Behind every financial crisis lurks a "political bubble"--policy biases that foster market behaviors leading to financial instability. Rather than tilting against risky behavior, political bubbles--arising from a potent combination of beliefs, institutions, and interests--aid, abet, and amplify risk. Demonstrating how political bubbles helped create the real estate-generated financial bubble and the 2008 financial crisis, this book argues that similar government oversights in the aftermath of the crisis undermined Washington's response to the "popped" financial bubble, and shows how such patterns have occurred repeatedly throughout US history.
The authors show that just as financial bubbles are an unfortunate mix of mistaken beliefs, market imperfections, and greed, political bubbles are the product of rigid ideologies, unresponsive and ineffective government institutions, and special interests. Financial market innovations--including adjustable-rate mortgages, mortgage-backed securities, and credit default swaps--become subject to legislated leniency and regulatory failure, increasing hazardous practices. The authors shed important light on the politics that blinds regulators to the economic weaknesses that create the conditions for economic bubbles and recommend simple, focused rules that should help avoid such crises in the future.
The first full accounting of how politics produces financial ruptures, Political Bubbles offers timely lessons that all sectors would do well to heed.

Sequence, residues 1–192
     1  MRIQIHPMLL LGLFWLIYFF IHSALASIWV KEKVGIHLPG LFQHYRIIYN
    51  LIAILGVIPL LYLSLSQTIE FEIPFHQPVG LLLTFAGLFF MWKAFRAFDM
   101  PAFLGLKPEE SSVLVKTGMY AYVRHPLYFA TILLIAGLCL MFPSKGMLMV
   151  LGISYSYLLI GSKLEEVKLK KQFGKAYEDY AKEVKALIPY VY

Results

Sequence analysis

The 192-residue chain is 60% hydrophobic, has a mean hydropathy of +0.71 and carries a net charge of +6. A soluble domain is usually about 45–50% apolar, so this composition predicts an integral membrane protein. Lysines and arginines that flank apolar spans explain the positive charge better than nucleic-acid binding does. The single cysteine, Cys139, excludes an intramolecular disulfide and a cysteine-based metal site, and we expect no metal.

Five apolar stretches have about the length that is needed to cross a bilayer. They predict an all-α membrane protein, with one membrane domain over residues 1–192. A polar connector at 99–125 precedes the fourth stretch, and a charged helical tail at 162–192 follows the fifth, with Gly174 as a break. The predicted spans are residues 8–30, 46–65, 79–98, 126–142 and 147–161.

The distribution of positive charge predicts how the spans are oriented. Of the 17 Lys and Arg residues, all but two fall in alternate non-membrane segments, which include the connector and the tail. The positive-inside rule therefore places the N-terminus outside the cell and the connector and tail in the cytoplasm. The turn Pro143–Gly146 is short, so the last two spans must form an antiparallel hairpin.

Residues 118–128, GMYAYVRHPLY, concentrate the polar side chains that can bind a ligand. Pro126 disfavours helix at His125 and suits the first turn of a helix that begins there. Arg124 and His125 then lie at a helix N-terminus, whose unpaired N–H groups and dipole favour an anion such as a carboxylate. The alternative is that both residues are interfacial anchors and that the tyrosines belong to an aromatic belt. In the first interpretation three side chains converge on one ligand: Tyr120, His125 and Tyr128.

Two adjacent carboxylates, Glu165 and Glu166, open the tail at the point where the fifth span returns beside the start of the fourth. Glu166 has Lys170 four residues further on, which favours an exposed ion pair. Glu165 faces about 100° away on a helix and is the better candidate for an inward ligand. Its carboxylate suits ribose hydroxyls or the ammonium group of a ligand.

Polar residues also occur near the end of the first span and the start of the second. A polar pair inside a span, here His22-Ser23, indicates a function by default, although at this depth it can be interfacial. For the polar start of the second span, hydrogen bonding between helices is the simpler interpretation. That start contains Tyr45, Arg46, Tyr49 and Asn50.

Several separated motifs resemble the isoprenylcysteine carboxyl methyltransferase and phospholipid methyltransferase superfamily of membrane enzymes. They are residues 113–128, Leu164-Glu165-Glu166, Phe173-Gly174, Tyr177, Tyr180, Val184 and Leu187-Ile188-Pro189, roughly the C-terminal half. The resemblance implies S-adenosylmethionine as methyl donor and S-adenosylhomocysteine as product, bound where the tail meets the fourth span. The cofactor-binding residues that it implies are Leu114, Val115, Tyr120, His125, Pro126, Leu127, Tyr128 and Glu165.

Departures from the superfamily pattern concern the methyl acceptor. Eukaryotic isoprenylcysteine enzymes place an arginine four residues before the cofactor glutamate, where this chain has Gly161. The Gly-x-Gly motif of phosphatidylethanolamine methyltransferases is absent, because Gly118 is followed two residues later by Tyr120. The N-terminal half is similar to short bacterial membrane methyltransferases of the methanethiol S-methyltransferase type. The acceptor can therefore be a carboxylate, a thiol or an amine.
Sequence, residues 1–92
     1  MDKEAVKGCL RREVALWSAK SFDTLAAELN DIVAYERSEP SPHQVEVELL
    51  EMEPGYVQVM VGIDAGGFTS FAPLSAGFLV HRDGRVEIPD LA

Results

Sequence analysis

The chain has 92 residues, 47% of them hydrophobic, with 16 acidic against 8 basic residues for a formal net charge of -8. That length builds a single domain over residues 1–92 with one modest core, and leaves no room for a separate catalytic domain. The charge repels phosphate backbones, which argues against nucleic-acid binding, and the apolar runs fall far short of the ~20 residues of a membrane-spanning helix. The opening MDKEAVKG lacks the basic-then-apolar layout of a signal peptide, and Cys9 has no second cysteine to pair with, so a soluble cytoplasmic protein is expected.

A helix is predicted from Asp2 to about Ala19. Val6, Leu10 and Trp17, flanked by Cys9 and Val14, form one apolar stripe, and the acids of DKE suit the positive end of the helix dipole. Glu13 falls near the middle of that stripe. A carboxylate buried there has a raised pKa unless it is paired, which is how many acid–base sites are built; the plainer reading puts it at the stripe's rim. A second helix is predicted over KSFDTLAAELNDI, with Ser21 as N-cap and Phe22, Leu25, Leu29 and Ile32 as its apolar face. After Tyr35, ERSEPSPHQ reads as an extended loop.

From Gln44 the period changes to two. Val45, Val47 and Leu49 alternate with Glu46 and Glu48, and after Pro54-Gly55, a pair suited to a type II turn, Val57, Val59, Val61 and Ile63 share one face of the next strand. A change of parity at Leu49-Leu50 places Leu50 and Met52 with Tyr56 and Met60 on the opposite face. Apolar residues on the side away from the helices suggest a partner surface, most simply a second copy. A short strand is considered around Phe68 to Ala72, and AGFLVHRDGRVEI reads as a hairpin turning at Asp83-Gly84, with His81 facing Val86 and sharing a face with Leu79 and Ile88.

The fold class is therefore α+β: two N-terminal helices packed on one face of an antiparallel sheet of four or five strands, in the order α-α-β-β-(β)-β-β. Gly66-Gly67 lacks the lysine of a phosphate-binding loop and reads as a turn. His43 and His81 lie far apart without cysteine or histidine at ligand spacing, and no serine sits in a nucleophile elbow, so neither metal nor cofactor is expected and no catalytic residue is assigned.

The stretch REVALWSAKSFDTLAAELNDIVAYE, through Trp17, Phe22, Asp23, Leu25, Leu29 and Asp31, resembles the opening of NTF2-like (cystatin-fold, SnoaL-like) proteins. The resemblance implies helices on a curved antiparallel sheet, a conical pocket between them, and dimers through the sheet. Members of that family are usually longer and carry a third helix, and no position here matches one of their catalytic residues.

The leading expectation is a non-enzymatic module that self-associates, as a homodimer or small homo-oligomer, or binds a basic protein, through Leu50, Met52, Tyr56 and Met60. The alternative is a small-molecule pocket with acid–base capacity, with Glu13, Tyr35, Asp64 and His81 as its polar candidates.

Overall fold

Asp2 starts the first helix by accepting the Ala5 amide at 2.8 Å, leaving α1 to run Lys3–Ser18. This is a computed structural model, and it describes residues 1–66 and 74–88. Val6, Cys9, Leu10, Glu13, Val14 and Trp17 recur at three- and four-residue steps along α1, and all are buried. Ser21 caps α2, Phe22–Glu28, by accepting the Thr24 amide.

As pundits debate the causes of the 2008 economic crisis, the authors contend that financial crises have inherently political dimensions. McCarty, Poole, and Rosenthal (political scientists at Princeton University, the University of Georgia, and New York University, respectively) argue persuasively that political bubbles ( policy biases that foster market behaviors leading to financial instability ) and market bubbles are highly similar, with policy biases contributing to and amplifying market behavior. Even if Americans prefer a divided government, the cost of diffused power includes policy delays and resistance to amending ineffectual and outdated programs. The authors provide an exhaustive review of structural problems that they believe impede effective government response to new catastrophic economic developments. Their arguments transcend the academic to include historical precedents and specifics on Wall Street machinations. While Wall Street is the main culprit in the crisis, no player is exempt. The authors criticize conservatives and liberals for drawing self-serving lessons from the crisis, and the administration for failing to pursue systemic reforms. Meanwhile, the too big to fail firms have become even bigger. The authors call for a strong set of simple rules. While this is a justified addition to literature about the recent crash, readers may balk at the assertion that, amid the crisis, American democracy failed the citizenry. (Jun.)